Crowns are dental restorations that are made of a strong and resilient material such as porcelain, gold, or zirconia. They are sometimes called caps since they cover the entire visible portion of teeth. The purpose of a crown is to protect dental work, like root canals, and act as the protective outer layer of the tooth. The crown seals the tooth to create a permanent and natural-looking solution to dental troubles.
Uses for Crowns
When a tooth is worn, weak, and unsuitable to provide strength and support to the bite, but a full extraction is not necessary, a dental professional will want you to have a crown placed to protect the work done. The general guideline to determine if a crown should be placed is figuring out if more than half of the tooth structure is gone. Most often, crowns are placed after you’ve had root canal therapy since the tooth is often left vulnerable to further damage once the decay is cleaned out.
There are multiple other reasons that may make you a candidate for a crown. Having an old filling fall out, large pieces of the tooth break off, or extreme decay will usually require a crown to preserve the area. If you have discomfort or sensitivity from chewing, clenching, or grinding your teeth causes discomfort or sensitivity, that could be another determining factor for when a crown is appropriate. There are circumstances when crowns are appropriate for the front teeth too, particularly when the decay or damage is too comprehensive. Sometimes patients choose a crown for cosmetic reasons to restore appearance since crowns are often tooth-coloured. Others have crowns to fasten to dental bridges for a more solid foundation.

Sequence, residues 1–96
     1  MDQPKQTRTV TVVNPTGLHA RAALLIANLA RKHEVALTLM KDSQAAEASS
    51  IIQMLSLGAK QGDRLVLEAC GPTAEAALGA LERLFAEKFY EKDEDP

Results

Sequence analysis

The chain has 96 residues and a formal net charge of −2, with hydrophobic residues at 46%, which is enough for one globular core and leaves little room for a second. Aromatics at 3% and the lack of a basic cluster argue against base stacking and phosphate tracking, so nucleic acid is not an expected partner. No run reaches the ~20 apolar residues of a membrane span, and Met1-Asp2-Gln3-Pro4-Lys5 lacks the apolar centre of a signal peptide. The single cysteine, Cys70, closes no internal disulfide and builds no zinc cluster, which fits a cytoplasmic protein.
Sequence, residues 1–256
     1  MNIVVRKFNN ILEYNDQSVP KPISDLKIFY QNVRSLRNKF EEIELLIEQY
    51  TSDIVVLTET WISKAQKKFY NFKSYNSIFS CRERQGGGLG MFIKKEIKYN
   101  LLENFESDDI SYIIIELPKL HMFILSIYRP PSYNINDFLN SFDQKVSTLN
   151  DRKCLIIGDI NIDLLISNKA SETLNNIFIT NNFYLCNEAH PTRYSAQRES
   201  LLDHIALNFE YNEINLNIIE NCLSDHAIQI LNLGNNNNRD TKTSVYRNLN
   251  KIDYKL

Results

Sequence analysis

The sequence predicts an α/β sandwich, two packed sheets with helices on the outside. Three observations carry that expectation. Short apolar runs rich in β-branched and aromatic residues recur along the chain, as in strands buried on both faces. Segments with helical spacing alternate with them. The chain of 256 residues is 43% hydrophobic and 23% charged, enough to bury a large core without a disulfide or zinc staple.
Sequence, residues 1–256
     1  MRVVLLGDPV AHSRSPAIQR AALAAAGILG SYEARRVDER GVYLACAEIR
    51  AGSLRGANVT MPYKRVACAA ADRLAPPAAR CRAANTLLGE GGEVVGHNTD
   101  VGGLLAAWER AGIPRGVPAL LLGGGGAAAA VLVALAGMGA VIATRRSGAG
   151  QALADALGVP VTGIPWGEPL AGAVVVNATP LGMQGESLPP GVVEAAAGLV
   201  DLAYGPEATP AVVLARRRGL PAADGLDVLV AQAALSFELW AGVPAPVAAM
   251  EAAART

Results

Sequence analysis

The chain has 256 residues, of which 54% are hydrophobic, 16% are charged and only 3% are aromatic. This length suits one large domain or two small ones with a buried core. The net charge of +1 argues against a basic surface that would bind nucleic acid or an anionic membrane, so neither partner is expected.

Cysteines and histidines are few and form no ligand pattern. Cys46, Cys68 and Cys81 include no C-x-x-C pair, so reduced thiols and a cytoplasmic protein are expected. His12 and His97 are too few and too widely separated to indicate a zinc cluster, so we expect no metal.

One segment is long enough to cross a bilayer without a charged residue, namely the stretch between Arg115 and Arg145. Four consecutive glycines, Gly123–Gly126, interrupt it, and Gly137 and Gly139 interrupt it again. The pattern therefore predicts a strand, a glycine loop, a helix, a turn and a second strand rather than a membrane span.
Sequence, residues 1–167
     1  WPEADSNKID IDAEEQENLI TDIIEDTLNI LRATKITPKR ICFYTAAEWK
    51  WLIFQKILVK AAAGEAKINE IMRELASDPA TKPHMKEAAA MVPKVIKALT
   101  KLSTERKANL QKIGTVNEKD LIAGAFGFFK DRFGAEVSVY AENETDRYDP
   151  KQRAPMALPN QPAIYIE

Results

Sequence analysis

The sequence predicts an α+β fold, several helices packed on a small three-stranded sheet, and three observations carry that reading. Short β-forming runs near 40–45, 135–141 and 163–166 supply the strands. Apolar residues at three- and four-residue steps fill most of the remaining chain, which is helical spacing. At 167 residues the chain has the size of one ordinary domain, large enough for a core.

There are situations when crowns are not appropriate, or perhaps not worth the cost, like:
- When the tooth experiences less physical stress
- When a filling can repair the structure
- When an onlay or inlay can cover the affected area
Whenever possible, a filling can be a sturdier and more cost-effective approach as long as the filling doesn’t have to cover too much area on the tooth. The filling can also act a placeholder until finances or time is available for the more involved procedure of placing a crown.
What the Procedure is Like
Crowns are placed over a tooth that has had extensive drilling or root canal therapy. A patient generally needs two separate visits: first to prepare the tooth by cleaning out the decay and shaping the area for the crown placement, and to make the impression and place a temporary crown. The second appointment takes place some weeks later to allow for the permanent crown to be made. When the material is ready, it is then cemented over the rest of the tooth.
Contact Village Lane Dental Today
If you live in the Okotoks, High River, or Calgary area and are having tooth pain that you aren’t sure requires a filling or a root canal with a crown, contact our friendly staff at Village Lane Dental Centre today and find out what our team of general dentists can do for you.